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As a dog sitter, you do not necessarily need to be bonded unless your employer requests this or you manage other employees as part of a pet-sitting business. As a house sitter, you would need a fidelity bond if the people whose home you're watching ask for one.
Fidelity bonds basically protect your employer, or client, from theft, according to Sittercity.com, which has a section for pet sitters. You can think of these bonds as being like insurance policies.
If there is a theft during your work at a client's home and you are found guilty but have established a bond, "the company who holds [the bond] will make an immediate payment to your client, up to the value of the bond," according to petsitterportal.com.
According to Sittercity.com, you will want to be bonded if you run a pet-sitting business: "Typically, only pet-sitting businesses with more than one employee will need bonding, since it protects against employee theft."
If you are a pet sitter with no employees, it's not necessary to be bonded, according to Sittercity.com. If you house sit, however, your client may ask that you be bonded.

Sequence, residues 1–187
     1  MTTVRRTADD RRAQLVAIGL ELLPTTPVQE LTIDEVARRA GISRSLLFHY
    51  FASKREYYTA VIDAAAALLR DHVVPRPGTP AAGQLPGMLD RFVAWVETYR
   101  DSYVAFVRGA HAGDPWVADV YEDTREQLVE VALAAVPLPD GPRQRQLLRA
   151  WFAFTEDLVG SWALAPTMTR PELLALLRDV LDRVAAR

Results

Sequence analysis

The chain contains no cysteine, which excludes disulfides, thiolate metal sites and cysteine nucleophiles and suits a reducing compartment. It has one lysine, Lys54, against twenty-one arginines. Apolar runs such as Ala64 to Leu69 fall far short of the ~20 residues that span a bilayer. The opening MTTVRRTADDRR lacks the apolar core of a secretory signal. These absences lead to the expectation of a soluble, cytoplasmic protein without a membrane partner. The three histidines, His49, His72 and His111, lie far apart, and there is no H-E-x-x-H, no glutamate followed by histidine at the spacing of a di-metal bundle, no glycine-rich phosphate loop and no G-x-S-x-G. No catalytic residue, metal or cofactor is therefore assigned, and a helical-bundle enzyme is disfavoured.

You may wish to become bonded as either a pet or house sitter of your own accord, however, because, as Sittercity.com says, it's "a good marketing tool" as it gives clients a sense of protection.
Following five years as a newspaper reporter, Mackenzie White now works as a freelance writer when not completing her novel or chasing after her toddler son. White has bachelor's degrees in journalism/English and creative writing from Ashland University. As a reporter, she received several awards for her feature articles. Also a photographer, White recently started her own photography business.